Vulnerable Feel The Pinch Of Minn. Gov’t Shutdown
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ST. PAUL, Minn. (AP) — The blind are losing reading services. A help line for the elderly has gone silent. And poor families are scrambling after the state stopped child care subsidies.
Hours after a political impasse forced a widespread government shutdown, Minnesota’s most vulnerable residents and about 22,000 laid-off state employees began feeling the effects on Friday. With no immediate end in sight to a dispute over taxes and spending, political leaders spent the day blaming each other for their failure to pass a budget that solves the state’s $5 billion deficit.
Democratic Gov. Mark Dayton and GOP legislative leaders said they had no plans to talk over the holiday weekend, guaranteeing the shutdown will linger at least well into next week. Dayton said he thought lawmakers should spend time in their districts talking to constituents.
In the absence of talks, the shutdown was rippling into the lives of people like Sonya Mills, a 39-year-old mother of eight facing the loss of about $3,600 a month in state child care subsidies. Until the government closure, Mills had been focused on recovering from a May 22 tornado that displaced her from a rented home in Minneapolis. Now she’s adding a new problem to her list.
“It just starts to have a snowball effect. It’s like you are still in the wind of the tornado,” said Mills, who works at a temp agency and was allowed to take time off as she gets back on her feet — but after the shutdown also has to care for her six youngest children, ages 3 through 14, because she lost state funding for their daycare and other programs.
Minnesota is the only state to have its government shut down this year, even though nearly all states have severe budget problems and some have divided governments. Dayton was determined to raise taxes on the top earners to help erase a $5 billion deficit, while the Republican Legislature refused to go along with that — or any new spending above the amount the state is projected to collect.
Here, as in 21 other states, there’s no way to keep government operating past the end of a budget period without legislative action. Even so, only four other states — Michigan, New Jersey, Pennsylvania and Tennessee — have had shutdowns in the past decade, some lasting mere hours.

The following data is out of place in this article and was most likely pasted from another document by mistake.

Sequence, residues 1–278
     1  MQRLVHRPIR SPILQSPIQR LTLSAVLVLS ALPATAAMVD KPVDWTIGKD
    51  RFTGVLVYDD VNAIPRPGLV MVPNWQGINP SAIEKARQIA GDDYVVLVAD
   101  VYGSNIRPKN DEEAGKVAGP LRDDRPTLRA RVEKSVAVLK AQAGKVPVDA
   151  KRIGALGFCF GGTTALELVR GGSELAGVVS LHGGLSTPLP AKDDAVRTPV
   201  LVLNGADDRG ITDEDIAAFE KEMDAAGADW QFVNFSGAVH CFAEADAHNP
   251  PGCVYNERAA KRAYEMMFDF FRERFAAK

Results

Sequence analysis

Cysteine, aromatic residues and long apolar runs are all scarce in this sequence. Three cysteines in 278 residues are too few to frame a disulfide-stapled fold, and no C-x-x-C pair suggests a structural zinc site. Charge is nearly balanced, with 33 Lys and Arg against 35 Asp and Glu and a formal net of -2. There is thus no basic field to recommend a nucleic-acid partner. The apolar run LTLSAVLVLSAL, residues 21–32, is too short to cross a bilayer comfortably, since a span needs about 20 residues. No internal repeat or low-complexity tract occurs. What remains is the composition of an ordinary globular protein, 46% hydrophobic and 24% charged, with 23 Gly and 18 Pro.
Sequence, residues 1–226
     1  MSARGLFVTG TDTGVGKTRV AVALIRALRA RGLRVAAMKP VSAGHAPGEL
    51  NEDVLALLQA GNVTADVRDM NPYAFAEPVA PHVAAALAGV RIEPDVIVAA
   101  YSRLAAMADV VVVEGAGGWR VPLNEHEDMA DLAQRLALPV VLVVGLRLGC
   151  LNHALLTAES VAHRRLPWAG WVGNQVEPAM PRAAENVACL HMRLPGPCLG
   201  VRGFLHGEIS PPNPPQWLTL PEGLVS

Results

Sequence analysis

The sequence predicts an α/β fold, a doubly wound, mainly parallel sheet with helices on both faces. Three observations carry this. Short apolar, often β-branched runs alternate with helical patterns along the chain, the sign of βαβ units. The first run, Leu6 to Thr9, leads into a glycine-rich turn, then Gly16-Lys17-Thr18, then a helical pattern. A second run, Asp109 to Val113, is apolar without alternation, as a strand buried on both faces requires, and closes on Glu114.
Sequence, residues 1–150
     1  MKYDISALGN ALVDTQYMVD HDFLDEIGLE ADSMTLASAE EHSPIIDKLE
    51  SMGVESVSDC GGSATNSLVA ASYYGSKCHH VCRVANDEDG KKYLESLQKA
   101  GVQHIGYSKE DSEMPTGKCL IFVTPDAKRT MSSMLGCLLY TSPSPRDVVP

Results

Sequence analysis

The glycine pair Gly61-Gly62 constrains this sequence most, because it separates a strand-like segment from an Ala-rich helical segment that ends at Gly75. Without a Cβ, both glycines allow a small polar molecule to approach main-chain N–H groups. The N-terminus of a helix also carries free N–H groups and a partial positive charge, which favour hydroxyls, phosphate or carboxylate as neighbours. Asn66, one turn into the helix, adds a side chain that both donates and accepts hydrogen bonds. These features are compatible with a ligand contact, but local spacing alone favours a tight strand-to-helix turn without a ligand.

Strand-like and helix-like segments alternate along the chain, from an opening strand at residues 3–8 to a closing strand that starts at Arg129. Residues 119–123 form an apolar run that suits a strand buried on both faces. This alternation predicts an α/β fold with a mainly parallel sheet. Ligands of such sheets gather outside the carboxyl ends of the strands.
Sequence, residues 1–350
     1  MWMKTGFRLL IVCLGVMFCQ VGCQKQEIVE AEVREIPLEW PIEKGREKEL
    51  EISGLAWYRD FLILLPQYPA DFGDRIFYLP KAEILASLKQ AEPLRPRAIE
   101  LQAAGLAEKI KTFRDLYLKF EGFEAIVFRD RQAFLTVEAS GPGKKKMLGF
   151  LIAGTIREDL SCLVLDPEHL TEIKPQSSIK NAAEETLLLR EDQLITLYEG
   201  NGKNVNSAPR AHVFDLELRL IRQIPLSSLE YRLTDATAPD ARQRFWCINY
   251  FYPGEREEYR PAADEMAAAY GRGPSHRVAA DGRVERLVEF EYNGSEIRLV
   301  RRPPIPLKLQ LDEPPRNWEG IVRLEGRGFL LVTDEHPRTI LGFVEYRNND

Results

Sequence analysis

The shutdown halted non-emergency road construction and closed the state zoo and Capitol. More than 40 state boards and agencies went dark, though critical functions such as state troopers, prison guards, the courts and disaster responses will continue.
On Friday, former state Supreme Court Chief Justice Kathleen Blatz started the court-appointed job of sifting through appeals from groups arguing in favor of continued government funding for particular programs.
Nonprofit groups helping the state’s poor have already been hit hard. Some closed their doors immediately, while others continued services, at least for now. Some were looking at layoffs, said Sarah Caruso, president and CEO of Greater Twin Cities United Way, which funds 400 programs serving poor people. She said the impact will depend on how long the shutdown lasts.
“If we go well beyond that two-week window, I think then we will start seeing much more significant closure of programs to support the vulnerable, and the long-term financial viability of some of these agencies will really be called into question,” she said.
So far, 30 agencies had accepted United Way’s offer of advances on their grants, seeking cash to stay up and running.
The stoppage suspended some programs for the blind and visually impaired, including a radio reading service run by volunteers and training for blind people who are learning to walk with a cane. Bonnie Elsey, director of the state’s Workforce Development Division, said a vocational rehabilitation program that places people with disabilities in jobs or school was halted.
Minnesota food pantries scurried to make sure they would still get 700,000 pounds of food — about 30 percent of their total volume — in the next two months through a federal program. Nearly a million pounds already in warehouses were also put on hold by the shutdown. Colleen Moriarty, executive director of Hunger Solutions Minnesota, said the federal program’s operation depended on a single state employee working in a data management system. Later Friday, Moriarty said the employee had been called back to work.
The shutdown also idled a state hotline set up to help seniors and their caregivers find services, housing options, help with Medicaid and Medicare insurance and more. A call to the 800 number Friday got a recording saying callers could leave a message.
The political stalemate meant instant layoffs for 22,000 state workers, including Paul Bissen, a road and bridge inspector for more than 26 years. Bissen said he cut back on spending last month. He figured he could go a couple of months without worrying, but on the first day of the shutdown, he said it looked like his washing machine had died — adding another expense.